Clinical Presentation and Diagnosis of CLL Signs and Symptoms

• 40% are asymptomatic at diagnosis16

• Lymphadenopathy

• Organomegaly consisting of splenomegaly and hepatomegaly

• Fatigue, weight loss, night sweats, fevers

• Chronic infections due to immature lymphocytes Diagnostic Procedures

• Peripheral blood smear

• Bone marrow biopsy (required for diagnosis)

• Cytogenetic studies

• Molecular testing Laboratory Findings

• Peripheral blood smear

• Leukocytosis (WBC greater than 100 x 109/L [100 x 103/mm3])

• Lymphocytosis (absolute lymph count greater than 5 x 10 /L [5 x 10 /mm ])

Thrombocytopenia

• Hypogammaglobinemia

• Must have at least 30% lymphocytes Poor Prognostic Factors

• Lymphocytosis with accompanying:

• Anemia (hemoglobin less than 11 g/dL)

• Thrombocytopenia (platelets less than 100 x 109/L [100 x 103/mm3])

• ZAP-70 and CD38 antigen expression

treatment

Desired Outcomes

The primary goals in the treatment of CLL are to provide palliation of symptoms and improve overall survival. Because the current treatments for CLL are not curative, reduction in tumor burden and improvement in disease symptoms are reasonable endpoints particularly in the older patient. A complete response (CR) to therapy can be defined as a resolution of lymphadenopathy and organomegaly, normalization of peripheral blood counts, and elimination of lymphoblasts in the bone marrow.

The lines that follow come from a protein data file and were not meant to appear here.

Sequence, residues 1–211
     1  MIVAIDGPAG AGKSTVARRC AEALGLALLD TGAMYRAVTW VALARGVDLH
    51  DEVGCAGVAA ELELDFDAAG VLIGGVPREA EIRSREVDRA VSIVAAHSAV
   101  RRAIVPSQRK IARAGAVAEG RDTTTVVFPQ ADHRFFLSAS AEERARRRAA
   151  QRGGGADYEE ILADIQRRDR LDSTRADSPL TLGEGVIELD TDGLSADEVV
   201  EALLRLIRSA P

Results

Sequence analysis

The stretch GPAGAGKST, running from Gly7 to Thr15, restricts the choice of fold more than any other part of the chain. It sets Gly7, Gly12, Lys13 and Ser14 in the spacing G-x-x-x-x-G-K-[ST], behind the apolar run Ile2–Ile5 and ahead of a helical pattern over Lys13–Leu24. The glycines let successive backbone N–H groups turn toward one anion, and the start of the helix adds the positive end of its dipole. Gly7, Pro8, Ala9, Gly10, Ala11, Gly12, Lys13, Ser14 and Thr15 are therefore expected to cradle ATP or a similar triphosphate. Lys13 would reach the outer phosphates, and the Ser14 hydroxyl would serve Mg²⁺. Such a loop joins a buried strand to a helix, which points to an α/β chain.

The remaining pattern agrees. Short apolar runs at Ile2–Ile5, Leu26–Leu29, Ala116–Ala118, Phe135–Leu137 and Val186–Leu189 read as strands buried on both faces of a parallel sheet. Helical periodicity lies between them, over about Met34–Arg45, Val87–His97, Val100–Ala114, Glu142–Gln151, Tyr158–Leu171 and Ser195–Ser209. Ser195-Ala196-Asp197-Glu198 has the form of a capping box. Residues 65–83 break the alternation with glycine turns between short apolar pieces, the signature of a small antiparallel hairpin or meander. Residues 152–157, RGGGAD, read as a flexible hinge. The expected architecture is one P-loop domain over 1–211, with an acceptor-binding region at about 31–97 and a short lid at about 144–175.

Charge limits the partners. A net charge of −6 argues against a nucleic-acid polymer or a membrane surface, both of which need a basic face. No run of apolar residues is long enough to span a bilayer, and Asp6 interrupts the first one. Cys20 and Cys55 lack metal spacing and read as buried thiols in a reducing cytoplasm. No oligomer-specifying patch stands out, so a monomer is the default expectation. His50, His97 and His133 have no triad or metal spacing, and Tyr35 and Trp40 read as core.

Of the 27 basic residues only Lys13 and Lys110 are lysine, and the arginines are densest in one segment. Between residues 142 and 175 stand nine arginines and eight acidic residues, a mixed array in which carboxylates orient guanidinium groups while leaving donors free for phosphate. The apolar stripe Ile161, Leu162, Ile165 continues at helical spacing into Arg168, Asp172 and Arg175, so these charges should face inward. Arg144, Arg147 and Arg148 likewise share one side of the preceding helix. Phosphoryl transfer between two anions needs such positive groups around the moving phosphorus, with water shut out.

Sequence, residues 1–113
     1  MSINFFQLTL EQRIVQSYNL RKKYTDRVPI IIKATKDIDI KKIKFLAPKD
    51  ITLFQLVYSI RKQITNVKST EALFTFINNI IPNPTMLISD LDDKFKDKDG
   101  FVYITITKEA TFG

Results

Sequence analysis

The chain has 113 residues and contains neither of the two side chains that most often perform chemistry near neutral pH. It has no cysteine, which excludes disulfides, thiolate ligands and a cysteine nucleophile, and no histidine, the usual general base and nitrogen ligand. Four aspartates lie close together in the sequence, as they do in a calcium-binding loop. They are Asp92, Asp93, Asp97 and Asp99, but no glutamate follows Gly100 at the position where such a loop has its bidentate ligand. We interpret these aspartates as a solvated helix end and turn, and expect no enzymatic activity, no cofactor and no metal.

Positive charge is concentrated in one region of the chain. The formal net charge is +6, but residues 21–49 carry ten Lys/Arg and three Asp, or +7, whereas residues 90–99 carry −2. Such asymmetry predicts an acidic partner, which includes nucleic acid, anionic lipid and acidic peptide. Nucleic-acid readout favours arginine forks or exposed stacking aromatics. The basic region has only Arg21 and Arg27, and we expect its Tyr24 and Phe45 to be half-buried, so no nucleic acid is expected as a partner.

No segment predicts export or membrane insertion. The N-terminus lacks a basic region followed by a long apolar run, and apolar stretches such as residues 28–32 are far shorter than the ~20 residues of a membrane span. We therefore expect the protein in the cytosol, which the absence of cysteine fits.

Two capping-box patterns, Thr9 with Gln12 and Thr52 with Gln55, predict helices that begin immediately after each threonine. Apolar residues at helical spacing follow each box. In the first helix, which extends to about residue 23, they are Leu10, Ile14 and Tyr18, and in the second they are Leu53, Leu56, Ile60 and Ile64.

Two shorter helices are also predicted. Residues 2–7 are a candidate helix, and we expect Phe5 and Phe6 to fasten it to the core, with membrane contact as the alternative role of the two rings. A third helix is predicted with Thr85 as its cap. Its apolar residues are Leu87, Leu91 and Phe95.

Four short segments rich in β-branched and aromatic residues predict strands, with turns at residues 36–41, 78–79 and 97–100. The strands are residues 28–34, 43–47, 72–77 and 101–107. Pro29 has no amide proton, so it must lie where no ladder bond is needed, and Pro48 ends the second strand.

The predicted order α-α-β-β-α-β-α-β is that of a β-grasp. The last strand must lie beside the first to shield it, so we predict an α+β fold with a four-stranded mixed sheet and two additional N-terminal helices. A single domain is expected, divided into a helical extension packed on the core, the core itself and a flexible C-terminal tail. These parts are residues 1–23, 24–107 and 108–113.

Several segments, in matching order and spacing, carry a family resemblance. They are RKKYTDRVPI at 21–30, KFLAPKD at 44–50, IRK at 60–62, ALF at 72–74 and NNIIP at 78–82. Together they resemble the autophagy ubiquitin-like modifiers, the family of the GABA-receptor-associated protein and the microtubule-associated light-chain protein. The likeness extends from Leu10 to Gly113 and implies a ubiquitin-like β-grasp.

Nonpharmacologic Therapy

Chemotherapy does not improve overall survival in early-stage CLL. In addition, deferring therapy until a patient becomes symptomatic does not alter overall surviv-20 21

al ' For this reason, the notion of "watch and wait" is considered reasonable for older patients with indolent disease. Several factors will influence this approach including the patient's life expectancy, disease characteristics, and the patient's ability 22

to tolerate therapy.

Hematopoietic Stem Cell Transplantation

The use of hematopoietic stem cell transplantation in CLL is limited. Allogeneic transplantation offers longer disease-free remissions than autologous transplantation but neither has demonstrated the ability to cure patients.16 Several factors must be considered before allogeneic stem cell transplantation. The lack of a donor, older age, and poor performance status makes transplant an uncommon procedure in this population. Allogeneic transplantation may be an option for younger patients who have aggressive disease. NCCN guidelines suggests that patients younger than 70 years of age with the deletion of chromosome 17p or who relapse after initial treatment consider allogeneic stem cell transplantation because these patients have a poor response to conventional

therapies. Although its use is currently limited, hematopoietic stem cell transplantation may someday be an important component in achieving a cure for CLL.16

Pharmacologic Therapy (Table 96-3)

Single-Agent Chemotherapy

The treatment for CLL has changed with the development of the purine analogue fludarabine (Fludara). Historically, chlorambucil (Leukeran), an alkylating agent, was considered standard treatment for CLL. Today, fludarabine-based chemotherapy is used as first-line therapy for younger patients with CLL. Randomized clinical trials have shown that fludarabine is superior to chlorambucil in achieving higher response rates and producing a longer duration of response (CR 20% versus 4%, respect-24

ively). Fludarabine is effective in previously untreated patients as well as patients who have chlorambucil-resistant disease.25 Although fludarabine is one of the most effective agents in the treatment of CLL, it is rarely used as a sole agent. Instead fludarabine is given in combination with other drugs.1 ,23,24